The difference in the two readings is that a disproportionate share of job growth over the past year was in part-time employment for noneconomic reasons, meaning workers chose to work part-time. That represents a rebalancing of employment after many workers who wanted to work part time were pressed into full-time duty amid the pandemic's labor shortages. The decline in hours worked indicates that the pace of labor growth has slowed far more than the headline job numbers suggest.
Input from our business contacts offers further evidence of easing in labor market conditions. Consistent with data from the Job Openings and Labor Turnover Survey, or JOLTS, our contacts say it is easier to fill positions and that turnover is back to prepandemic levels. For the first time in a long time, we are hearing reports of workforce reductions through attrition and even the possibility of layoffs, especially for back-office employees.
In sum, contacts describe a labor market more like the one before the pandemic—still tight, but much less so than over the past few years. As one of our contacts said: "Twenty-two to 32-year-olds are no longer in control of the labor market."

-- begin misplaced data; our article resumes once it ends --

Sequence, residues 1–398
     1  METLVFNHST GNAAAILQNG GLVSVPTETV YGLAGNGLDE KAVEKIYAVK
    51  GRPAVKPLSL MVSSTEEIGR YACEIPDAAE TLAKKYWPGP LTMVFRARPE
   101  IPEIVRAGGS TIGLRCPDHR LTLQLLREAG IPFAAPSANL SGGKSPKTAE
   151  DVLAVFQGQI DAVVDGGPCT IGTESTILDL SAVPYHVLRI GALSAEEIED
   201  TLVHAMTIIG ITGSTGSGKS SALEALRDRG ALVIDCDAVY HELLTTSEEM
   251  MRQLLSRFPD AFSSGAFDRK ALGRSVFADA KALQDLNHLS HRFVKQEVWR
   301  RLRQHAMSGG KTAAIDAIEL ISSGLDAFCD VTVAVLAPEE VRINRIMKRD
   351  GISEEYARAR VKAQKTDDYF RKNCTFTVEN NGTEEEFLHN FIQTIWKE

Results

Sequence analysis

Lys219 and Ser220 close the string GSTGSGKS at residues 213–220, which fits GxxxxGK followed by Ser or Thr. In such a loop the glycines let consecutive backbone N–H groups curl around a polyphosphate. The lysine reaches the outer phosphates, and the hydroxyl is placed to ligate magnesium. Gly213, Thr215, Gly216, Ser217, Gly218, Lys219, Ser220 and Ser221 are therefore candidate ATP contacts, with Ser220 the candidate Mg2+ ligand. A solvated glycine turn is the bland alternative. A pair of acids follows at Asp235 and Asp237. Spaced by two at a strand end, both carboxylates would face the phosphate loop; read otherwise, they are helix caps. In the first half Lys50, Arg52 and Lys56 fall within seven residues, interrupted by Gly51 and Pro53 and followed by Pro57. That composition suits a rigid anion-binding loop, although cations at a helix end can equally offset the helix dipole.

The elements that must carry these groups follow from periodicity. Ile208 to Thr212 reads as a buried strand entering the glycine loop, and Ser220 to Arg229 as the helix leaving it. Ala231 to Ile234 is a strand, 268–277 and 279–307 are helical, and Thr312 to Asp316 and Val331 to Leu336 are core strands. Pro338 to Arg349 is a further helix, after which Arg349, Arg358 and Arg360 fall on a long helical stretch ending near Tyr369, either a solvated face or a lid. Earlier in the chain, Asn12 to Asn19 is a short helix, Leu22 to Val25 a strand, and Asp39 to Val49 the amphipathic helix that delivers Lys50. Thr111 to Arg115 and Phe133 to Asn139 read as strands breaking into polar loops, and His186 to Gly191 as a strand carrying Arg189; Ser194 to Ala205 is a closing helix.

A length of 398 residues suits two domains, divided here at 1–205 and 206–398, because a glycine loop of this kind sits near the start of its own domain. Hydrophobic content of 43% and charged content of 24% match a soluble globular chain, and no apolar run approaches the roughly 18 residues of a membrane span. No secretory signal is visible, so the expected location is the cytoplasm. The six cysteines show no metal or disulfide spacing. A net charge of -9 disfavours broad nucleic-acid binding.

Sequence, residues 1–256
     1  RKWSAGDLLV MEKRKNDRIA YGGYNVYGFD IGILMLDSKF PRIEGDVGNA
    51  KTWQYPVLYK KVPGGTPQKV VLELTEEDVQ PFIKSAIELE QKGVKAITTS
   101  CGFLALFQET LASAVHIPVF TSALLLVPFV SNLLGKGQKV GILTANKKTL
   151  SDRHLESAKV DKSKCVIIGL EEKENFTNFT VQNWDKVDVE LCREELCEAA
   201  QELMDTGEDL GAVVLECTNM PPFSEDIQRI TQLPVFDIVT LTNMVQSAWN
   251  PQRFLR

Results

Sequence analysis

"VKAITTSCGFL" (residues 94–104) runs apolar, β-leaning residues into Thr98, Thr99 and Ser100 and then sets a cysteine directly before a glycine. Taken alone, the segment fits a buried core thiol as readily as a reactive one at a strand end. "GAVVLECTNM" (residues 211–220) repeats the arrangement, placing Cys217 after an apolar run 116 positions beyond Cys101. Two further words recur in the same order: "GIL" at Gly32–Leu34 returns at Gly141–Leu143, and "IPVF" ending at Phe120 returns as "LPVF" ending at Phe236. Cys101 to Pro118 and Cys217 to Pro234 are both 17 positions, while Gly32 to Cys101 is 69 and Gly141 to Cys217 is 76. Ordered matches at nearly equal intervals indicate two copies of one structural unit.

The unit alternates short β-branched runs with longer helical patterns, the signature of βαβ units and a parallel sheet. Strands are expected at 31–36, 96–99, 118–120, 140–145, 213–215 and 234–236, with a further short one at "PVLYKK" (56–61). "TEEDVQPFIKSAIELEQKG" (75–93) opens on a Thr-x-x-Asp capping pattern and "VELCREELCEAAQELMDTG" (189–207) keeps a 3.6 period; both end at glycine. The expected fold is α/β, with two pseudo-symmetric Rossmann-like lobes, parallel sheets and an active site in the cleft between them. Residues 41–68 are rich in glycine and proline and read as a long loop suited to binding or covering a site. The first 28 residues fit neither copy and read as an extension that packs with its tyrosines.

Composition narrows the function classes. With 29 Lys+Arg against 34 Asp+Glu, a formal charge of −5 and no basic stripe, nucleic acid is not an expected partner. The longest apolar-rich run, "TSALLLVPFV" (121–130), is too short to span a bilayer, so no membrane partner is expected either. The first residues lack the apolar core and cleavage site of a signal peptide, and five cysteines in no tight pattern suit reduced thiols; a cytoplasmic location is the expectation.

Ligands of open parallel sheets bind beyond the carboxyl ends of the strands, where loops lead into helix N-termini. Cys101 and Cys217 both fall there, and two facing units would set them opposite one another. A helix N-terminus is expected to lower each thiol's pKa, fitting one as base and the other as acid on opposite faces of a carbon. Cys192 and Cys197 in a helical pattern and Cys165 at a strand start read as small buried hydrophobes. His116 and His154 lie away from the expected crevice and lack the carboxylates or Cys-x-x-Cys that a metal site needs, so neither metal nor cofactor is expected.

In that context, I believe it makes sense to give restrictive monetary policy time to work. In my view, it is less certain that we need to keep hiking the policy interest rate in the immediate term, lest we risk tightening too much and draining too much momentum from the economy.
Progress on inflation
When will restrictive monetary policy start restraining inflation more powerfully? Put simply, not as soon as I'd like. But I do believe underlying inflation is declining gradually, and in a way that may well be sustainable.
My staff and I find glimmers of hope in recent inflation reports. Notably, the distribution of price increases has narrowed considerably, a strong indicator that underlying inflation is in fact abating. Last month marked the first month since August 2021 when less than 40 percent of the expenditure-weighted share of prices in the Consumer Price Index (CPI) basket rose by 5 percent or more. For perspective, the share of prices jumping 5 percent or more peaked at 80 percent in early 2022. This narrowing of severe price increases deepens my conviction that we are on the path to reducing inflation.
Alongside the narrowing of price increases, I'll sound a hopeful note on services prices. Even though it's been widely noted that core non-housing-services prices have not pulled back substantially, my staff and I see nascent signs that could be changing. The rate of price increases in that category has edged successively lower in each of the past three monthly inflation readings. I recognize this does not necessarily herald definitive, long-term disinflation in services. Still, I see an emergent and promising trend, a green shoot of hope, in a category that accounts for more than half of the consumer market basket.
Surveys reveal promising signs on prices and wages
The data describe what's happened. To deepen our understanding of events and help chart what may be ahead, we lean into the findings of our in-house survey shop and intelligence from business contacts.